Saturday, July 5, 2014

Je Suis Ici

Je suis à Paris. After a thirteen hour over-night flight on which I did not sleep a wink, I arrived at Charles de Gaulle airport with a fifty-pound suitcase, a fifteen-pound shoulder bag, and a head both heavy with fatigue and soaring with excitement. I took the RER train into the city, mapping out my three-transfer route to my apartment in Bastille. Easy. Seated near a window, I watched the city unfold before me, taking pride in how familiar it all was. (I've loved the idea of Paris my entire life, and when I was a child, I envisioned myself living here one day. Then I visited three years ago, and transferred my love to the actual city. Now I can state, with some truth, that I know Paris. I may not ever live here permanently, but I will always have a relationship with it.)

I am comfortable with big cities, confident with direction and navigation, and at home in large crowds. This confidence, however, often leads to a ballooned self-reliance. Taking the RER with 75 pounds of luggage on a three-transfer journey to my apartment would have been fine in a younger city, with a newer metro system incorporating certain modern standards of convenience, such as elevators and escalators. All told, I hefted my 50-pound suitcase up and down fifteen flights of stairs. Then, once arrived at my destination station of Chenin Vert, I dragged it several blocks the wrong direction before realizing my mistake. This is when it started to pluie. I arrived at my studio wet with a mixture of sweat and rain, and almost cried out of gratitude when I saw that it has an elevator.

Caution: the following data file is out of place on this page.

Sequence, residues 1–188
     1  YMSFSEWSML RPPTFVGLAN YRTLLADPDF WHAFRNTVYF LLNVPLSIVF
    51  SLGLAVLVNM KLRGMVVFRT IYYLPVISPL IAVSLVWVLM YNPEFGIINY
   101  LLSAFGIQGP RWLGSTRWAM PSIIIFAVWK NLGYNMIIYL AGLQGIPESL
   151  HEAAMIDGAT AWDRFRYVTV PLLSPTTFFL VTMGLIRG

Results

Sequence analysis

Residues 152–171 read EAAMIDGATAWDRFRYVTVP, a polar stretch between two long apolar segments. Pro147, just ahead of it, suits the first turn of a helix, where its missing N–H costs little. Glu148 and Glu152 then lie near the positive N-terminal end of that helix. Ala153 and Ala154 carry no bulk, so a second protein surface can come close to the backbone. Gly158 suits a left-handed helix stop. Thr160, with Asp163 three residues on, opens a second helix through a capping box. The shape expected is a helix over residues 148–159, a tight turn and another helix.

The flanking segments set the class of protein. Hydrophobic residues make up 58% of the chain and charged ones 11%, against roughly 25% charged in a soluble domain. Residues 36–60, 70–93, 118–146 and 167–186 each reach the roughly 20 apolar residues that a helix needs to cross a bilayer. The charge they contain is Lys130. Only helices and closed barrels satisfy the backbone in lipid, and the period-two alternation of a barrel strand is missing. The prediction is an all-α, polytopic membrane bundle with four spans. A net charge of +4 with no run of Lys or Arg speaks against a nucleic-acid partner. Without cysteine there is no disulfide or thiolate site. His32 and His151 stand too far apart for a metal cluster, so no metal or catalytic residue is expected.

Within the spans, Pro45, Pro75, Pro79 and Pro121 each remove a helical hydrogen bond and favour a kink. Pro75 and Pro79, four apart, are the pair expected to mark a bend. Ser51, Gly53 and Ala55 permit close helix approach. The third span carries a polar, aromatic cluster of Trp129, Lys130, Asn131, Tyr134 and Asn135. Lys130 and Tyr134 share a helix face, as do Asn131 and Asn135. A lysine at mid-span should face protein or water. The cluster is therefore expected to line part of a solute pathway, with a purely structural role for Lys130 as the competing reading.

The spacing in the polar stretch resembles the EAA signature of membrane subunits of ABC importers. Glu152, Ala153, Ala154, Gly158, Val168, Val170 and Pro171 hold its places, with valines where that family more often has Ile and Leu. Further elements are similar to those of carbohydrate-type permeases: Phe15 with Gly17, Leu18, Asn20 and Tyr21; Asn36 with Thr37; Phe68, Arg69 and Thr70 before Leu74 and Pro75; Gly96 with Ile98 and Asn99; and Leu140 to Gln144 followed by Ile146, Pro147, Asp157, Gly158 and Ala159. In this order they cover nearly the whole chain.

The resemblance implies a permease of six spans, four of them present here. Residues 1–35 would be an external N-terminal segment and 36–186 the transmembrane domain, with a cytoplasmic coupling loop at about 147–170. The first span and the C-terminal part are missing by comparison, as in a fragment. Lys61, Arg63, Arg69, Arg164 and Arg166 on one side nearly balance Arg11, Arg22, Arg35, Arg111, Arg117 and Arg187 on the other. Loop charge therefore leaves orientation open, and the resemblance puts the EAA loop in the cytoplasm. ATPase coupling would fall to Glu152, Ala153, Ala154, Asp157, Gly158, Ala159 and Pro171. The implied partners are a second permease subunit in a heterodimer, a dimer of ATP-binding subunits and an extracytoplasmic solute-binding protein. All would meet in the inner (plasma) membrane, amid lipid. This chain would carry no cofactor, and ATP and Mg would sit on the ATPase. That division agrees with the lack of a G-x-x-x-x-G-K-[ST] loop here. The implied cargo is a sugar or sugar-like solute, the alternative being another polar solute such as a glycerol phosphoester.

My studio is adorable. At 215 square feet, it has a kitchen, a washing machine, an actual bathroom with a real toilet and shower (the studio my husband and I rented three years ago had barely operable toyish versions of both), and a futon bed. It's in a beautiful neighborhood full of bars and restaurants (mais bien sûr, c'est Paris), and near many metro stations.

My school, the Paris American Academy, is across the Seine, high up in the Latin Quarter, near the Luxembourg Gardens. Our first class was held in a room in which Benjamin Franklin once studied. Our second class was held in a room that, though in a newer and much less beautiful building, sits directly above the corner of the catacombs in which a monk was once found dead, eleven years after he'd descended into the ground to find a bottle of wine.